Sunday morning, waiting for my flight home, I met a girl (Kirby Heindel Adlam) whose 2nd duathlon EVER was the world championships in Spain. Now THAT is incredibly inspiring. Nothing ventured, nothing gained.
The opportunity is yours for the taking – why not seize it with both hands!?!?!
I am thankful beyond words for my husband, Jeffery M Sass (most of you know as Elvis), who is my constant support and cheered tirelessly all day for everyone out there competing; for my family who watched the children so we could pursue this adventure; my awesome coach (Suzanne Atkinson) of Steel City Endurance who has put up with multiple texts and questions and always has the right answer; to Raceday Transport (goracedaytransport.com) who got my bike from Spain to Bend so all I had to do was show up at the event and my bike was ready to ride (I cannot even begin to say what a fantastic job they do, definitely worth checking out!);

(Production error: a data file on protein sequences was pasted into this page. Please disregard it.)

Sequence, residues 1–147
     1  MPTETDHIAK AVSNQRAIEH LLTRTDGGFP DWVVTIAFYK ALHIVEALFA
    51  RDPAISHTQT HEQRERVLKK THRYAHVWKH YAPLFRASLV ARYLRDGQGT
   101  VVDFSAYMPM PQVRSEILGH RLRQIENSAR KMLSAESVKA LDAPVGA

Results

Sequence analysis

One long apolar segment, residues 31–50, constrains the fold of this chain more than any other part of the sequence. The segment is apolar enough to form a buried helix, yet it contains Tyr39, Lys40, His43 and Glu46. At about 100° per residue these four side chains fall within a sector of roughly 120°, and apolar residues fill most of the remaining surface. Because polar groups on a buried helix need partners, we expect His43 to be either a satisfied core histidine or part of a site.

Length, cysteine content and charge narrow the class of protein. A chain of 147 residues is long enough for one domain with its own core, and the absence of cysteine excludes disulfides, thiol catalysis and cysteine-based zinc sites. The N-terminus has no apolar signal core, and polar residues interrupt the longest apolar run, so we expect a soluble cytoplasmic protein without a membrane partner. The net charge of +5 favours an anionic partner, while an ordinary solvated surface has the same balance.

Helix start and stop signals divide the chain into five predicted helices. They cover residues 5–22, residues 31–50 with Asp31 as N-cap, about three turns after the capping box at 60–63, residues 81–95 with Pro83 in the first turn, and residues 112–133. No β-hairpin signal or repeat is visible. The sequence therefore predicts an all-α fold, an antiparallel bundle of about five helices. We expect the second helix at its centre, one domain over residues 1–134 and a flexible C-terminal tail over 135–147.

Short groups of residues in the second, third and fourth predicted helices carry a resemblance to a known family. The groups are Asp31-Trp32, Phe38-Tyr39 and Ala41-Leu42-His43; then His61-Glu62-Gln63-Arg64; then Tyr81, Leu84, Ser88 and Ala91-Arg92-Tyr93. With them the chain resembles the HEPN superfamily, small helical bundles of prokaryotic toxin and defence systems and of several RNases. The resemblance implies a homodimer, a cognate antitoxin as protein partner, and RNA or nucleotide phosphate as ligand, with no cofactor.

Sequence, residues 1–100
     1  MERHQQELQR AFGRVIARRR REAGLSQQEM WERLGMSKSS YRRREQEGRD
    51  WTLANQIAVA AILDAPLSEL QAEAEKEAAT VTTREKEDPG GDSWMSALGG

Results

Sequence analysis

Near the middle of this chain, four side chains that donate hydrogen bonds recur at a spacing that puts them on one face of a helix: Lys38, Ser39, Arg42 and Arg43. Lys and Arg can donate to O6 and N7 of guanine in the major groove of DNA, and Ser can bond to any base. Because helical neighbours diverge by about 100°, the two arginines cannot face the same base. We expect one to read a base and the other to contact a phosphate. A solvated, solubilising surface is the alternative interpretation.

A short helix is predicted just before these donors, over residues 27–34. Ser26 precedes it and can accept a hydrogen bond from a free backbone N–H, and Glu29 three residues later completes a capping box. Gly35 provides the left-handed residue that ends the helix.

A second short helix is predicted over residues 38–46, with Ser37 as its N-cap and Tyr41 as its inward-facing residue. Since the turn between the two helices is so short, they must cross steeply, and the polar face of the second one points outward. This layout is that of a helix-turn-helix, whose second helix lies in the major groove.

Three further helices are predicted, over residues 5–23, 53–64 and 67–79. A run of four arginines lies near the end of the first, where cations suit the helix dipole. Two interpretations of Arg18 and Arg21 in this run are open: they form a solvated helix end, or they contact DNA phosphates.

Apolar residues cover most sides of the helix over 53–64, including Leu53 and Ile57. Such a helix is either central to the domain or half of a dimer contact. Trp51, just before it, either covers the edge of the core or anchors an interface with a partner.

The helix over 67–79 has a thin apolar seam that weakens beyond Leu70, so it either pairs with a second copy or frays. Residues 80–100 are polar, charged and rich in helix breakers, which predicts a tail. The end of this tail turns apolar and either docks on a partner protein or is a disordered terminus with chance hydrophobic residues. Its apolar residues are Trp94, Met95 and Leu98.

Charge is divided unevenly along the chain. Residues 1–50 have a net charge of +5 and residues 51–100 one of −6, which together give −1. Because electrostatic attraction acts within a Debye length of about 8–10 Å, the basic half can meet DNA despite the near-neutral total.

Bobby McGee – what I learned from him in running was all that got me through that second race (whew!); UCAN nutrition also saved me for that second race, Lynn Greer for the awesome new race suit/helmet/shoes/all my biking needs; to John Lines for all the support and encouragement; and to ALL of you who cheered from near and far – you keep me going!!!! Thank you, thank you, THANK YOU!!!!!!!!
?#?USATDU? ?#?steelcityendurance? ?#?UCAN? ?#?kask? ?#?fizik? ?#?racedaytransport??#?testyourlimits? ?#?Elvis? ?#?ilovemybike? ?#?hills? ?#?lifeisgood?